Mutant Families

At the Enterprise Rent A Car Institute for Renewable Fuels, scientists have over 3,000 different Setaria viridis mutant families. Taking careful observations of this many families is a lot of work! This is why scientists need students to help observe mutant phenotypes. Here is a report of one example of a mutant phenotype that has been identified, and is currently undergoing further research.

Dwarf phenotype from mutant family TB.Sv.NMU.00256
Dwarf phenotype from mutant family TB.Sv.NMU.00256

The mutant family TB.Sv.NMU.00256 appears to be dwarf and flowers late relative to the wild type, Setaria viridis A10.1 under white light, as well as under simulated shade/supplemental far-red light (sFR).

The application of nitrogen fertilization is essential to increase grain yield, but it also promotes leaf and stem elongation, resulting in an overall increase in plant height. Uncontrolled increases in plant height can cause lodging, when tall plants in fields fall flat on the ground, which decreases yield and makes harvesting more difficult. During the green revolution, a period of agricultural advances that led to higher yields in crops, the genetic screens to identify dwarf mutants contributed to the development of high-yielding semi-dwarf varieties of wheat and rice. The reduction in plant height in semi-dwarf varieties led to an improved harvest index (grain: straw ratio) and enhanced biomass production.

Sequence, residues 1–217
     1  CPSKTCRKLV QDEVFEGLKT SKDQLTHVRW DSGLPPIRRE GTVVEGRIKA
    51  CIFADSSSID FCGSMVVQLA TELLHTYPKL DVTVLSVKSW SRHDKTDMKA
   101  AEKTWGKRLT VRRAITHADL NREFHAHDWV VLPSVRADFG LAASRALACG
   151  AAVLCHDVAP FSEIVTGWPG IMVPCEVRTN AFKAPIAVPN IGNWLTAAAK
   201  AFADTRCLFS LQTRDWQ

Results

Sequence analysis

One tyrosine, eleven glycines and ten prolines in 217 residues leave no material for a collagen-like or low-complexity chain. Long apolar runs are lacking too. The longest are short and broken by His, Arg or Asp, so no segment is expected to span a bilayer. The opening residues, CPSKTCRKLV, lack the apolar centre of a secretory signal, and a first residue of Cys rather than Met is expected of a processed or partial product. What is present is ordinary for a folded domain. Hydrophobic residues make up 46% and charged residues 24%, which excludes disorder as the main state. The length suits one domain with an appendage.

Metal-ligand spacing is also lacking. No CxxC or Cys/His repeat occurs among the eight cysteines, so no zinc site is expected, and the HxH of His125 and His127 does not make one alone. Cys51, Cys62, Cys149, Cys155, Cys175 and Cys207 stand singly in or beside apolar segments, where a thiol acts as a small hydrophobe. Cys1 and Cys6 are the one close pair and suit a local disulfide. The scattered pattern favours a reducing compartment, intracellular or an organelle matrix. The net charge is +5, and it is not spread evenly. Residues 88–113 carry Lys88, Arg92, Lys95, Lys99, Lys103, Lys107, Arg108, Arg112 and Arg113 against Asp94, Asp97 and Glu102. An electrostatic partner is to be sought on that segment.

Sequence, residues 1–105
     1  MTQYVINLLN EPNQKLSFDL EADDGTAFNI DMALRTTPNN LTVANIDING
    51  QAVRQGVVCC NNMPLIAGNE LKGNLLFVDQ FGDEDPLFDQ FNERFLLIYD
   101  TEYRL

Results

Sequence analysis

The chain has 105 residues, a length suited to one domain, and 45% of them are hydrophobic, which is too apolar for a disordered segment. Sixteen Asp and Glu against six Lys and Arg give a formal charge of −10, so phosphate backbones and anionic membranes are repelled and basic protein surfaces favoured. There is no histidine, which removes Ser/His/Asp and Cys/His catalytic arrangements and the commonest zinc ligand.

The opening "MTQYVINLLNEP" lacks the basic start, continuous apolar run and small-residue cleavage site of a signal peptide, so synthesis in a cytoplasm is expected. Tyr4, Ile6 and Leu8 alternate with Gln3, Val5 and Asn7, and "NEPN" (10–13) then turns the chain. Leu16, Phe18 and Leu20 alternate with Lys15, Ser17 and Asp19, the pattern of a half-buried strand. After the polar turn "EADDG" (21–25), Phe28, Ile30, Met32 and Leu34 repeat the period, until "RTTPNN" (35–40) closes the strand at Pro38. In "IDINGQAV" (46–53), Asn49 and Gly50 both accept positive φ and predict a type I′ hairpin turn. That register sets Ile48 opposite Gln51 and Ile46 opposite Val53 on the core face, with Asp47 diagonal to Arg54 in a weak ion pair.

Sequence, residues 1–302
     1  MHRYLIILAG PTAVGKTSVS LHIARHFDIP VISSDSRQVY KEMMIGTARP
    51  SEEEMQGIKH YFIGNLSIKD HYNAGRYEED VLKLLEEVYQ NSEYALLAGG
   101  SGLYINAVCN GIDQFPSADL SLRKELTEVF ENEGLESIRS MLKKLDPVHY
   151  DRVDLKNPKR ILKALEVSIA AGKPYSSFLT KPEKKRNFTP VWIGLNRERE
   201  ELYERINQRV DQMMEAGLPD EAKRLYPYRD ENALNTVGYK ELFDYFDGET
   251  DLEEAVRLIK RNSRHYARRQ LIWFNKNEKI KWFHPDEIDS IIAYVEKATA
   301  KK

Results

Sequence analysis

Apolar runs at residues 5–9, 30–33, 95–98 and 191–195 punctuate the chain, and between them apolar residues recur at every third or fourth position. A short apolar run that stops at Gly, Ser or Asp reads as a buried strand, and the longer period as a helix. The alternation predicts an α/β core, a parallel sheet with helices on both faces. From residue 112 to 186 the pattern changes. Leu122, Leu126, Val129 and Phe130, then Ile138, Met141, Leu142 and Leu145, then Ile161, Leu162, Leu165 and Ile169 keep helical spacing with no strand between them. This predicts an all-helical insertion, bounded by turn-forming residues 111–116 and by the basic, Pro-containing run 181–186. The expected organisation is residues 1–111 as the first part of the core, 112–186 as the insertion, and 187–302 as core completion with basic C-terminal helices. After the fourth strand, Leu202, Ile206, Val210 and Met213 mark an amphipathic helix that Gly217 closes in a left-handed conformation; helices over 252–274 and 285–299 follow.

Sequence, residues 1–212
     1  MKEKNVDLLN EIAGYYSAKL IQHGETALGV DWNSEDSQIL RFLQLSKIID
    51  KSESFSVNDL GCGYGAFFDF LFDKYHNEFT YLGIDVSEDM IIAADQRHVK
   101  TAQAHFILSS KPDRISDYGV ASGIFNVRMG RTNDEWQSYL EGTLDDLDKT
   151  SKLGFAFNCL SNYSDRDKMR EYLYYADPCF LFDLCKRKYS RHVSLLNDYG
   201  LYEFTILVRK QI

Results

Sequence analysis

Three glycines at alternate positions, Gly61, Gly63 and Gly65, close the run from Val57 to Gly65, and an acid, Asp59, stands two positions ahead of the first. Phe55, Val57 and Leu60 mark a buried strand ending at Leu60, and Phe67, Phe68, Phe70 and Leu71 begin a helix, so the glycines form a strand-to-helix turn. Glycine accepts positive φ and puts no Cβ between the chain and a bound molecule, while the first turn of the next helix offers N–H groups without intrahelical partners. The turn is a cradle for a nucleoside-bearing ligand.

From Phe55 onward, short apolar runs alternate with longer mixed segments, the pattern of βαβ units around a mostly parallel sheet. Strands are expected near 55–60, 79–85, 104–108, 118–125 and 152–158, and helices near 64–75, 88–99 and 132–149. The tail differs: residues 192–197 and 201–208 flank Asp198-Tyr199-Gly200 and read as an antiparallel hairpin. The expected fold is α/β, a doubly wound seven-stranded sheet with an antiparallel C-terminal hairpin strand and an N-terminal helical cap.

Our objective is to control plant height at increased planting densities while increasing the net biomass per plant. Since Setaria viridis is closely related to emerging C4 bioenergy grasses (i.e. Miscanthus and Panicum), this dwarf phenotype will help us characterize the genes and dissect the genetic network that can be engineered to increase biomass at high planting densities. The higher the biomass harvested per plant, the more biofuel can be produced.

Contributed by Sankalpi Warnasooriya, PhD

Adapted from Sakamoto, T., and Matsuoka, M. (2004). Generating high-yielding varieties by genetic manipulation of plant architecture. Current Opinion in Biotechnology 15, 144-147.

Where plant science research meets the classroom

%d bloggers like this: